Sights in Lübeck: My Personal Highlights & Tips


The historic Hanseatic city of Lübeck is of a manageable size but still has many sights. You can explore the city and its highlights in a relaxed manner on a short weekend trip. The proximity to the Baltic Sea and Hamburg is also ideal for a city trip to escape from everyday life or to the beach for a day.

Lübeck is particularly well-known for the Holsten Gate, the city’s landmark. In addition, the beautiful old town and of course the Lübeck marzipan are attractions that make many people curious about Lübeck.

Since it doesn’t always have to be a long-distance journey, I laced my shoes, bought a train ticket, and went on a discovery tour from Hamburg to Lübeck. I have put together my personal highlights with sights from Lübeck for you.

Have fun discovering and planning your next escape from everyday life. Here you will find insider tips for Lübeck from locals.

Lübeck “classics” that you should see

When visiting Lübeck there are a few classics that you should visit. The picturesque Hanseatic city offers many attractions besides the Holstentor that you simply have to see! I have listed these top sights for you here.
Of course, Lübeck has much more to offer than I could have explored in one day. But you should have seen the places mentioned here in Lübeck.

  1. Holsten Gate
  2. Lübeck Marzipan
  3. Buddenbrook House
  4. Lübeck Town Hall
  5. Lanes in the Old Town
  6. St. Petri Church
  7. Museum
  8. Harbor
  9. Hünxstraße
  10. European Hanseatic Museum
  11. Lübeck Cathedral

Main sights in Luebeck

The most famous landmarks in Lübeck you should definitely visit when you visit Lübeck for the first time.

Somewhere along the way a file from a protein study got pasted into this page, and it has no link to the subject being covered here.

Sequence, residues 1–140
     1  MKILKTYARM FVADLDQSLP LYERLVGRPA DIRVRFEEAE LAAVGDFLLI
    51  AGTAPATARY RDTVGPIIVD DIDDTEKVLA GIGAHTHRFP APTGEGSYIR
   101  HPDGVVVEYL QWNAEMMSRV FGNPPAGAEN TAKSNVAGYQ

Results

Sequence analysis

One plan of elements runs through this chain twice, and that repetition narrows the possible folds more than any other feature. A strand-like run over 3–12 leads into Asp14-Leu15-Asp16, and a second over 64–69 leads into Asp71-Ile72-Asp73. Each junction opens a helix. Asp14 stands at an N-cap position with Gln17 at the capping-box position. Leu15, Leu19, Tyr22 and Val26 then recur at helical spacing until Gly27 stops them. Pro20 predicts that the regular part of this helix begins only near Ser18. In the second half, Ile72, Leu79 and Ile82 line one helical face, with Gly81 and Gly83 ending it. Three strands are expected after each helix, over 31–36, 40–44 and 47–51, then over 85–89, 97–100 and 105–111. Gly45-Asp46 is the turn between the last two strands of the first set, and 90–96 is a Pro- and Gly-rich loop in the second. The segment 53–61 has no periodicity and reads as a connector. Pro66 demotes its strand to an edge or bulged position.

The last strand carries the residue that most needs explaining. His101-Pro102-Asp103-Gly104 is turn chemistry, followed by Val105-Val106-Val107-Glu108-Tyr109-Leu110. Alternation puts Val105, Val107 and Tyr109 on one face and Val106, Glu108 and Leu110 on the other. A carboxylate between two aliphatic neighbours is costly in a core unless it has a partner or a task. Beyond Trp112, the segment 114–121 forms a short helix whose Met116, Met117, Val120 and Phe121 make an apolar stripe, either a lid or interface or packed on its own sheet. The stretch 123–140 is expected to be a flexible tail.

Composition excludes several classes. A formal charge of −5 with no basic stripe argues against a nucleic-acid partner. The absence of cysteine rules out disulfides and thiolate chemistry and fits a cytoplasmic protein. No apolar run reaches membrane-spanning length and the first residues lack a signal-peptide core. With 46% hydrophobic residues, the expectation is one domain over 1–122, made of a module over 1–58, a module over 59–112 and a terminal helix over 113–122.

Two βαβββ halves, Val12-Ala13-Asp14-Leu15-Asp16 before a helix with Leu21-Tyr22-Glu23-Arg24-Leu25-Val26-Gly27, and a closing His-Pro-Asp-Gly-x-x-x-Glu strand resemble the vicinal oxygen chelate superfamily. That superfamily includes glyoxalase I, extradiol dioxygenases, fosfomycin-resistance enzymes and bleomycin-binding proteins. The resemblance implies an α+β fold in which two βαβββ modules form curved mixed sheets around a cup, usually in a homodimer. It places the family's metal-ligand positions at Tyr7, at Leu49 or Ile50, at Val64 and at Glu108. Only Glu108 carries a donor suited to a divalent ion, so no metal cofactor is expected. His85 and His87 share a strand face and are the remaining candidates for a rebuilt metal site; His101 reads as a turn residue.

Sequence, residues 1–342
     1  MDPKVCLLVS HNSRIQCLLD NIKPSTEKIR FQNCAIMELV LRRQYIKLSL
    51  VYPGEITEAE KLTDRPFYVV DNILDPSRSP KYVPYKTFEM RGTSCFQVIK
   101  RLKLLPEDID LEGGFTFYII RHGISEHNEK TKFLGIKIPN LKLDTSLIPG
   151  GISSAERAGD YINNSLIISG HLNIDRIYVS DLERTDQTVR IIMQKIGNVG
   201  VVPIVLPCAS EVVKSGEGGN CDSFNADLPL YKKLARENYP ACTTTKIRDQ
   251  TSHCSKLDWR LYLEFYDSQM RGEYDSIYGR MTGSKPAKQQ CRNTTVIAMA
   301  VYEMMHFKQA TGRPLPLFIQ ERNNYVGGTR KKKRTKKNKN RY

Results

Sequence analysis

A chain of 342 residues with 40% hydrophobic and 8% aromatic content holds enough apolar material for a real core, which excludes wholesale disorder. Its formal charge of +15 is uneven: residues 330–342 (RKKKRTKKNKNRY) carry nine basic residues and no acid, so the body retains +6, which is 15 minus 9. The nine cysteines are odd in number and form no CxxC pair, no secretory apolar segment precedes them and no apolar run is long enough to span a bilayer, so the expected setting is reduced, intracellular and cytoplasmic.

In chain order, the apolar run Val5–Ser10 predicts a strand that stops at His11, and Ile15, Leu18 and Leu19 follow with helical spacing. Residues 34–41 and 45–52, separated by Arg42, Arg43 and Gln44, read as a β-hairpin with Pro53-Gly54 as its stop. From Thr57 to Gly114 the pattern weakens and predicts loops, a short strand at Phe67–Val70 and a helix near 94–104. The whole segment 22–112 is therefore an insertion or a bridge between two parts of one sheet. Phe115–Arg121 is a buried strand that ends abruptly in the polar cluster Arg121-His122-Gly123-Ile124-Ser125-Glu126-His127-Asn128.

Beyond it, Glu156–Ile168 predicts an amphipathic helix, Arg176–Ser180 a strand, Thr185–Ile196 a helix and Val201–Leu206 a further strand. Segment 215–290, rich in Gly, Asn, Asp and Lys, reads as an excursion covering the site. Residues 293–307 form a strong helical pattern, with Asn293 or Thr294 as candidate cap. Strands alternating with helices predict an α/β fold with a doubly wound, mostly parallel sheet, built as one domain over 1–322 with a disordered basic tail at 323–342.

Holsten Gate

The Holstentor is the landmark of Lübeck and a must-see. Do you remember the old 50 DM note? Then you might remember the Holstentor because that was what you could see on this bill.

The old city gate was built in the 15th century and is characterized by the late Gothic architectural style.

There used to be four Holsten Gates, of which only the middle one remains today. Since 1950 it has also been the home of Lübeck’s City History Museum.

Anyone interested in the history of the Hanseatic League and its origins should definitely pay a visit to the museum. 

The Holsten Gate is Lübeck’s landmark.

My tip for all photographers: from the afternoon/evening you can best photograph the Holstentor with the old town in the back. Then the sun is at its best.

Another gate in Lübeck is the Burgtor. The gate, built in the late Gothic style, is another of what used to be four city gates in Lübeck’s city fortifications, which are still preserved today.

St. Peter’s Church

The most famous church in Lübeck is the St. Petri Church. Like the Holsten Gate, it was built in the 15th century for St. Petri. Today the church is a cultural and university church and is open to everyone.

The most famous attraction of the Petrikirche is definitely the viewing platform in the tower. You can take the elevator 50 m up and enjoy a 360-degree view of Lübeck from there. You can look over the old town, the town hall, the Holstentor, the Trave, and the old town of Lübeck from high above. On a clear day, the view extends to the Baltic Sea coast, to Mecklenburg, and to the Holstein countryside.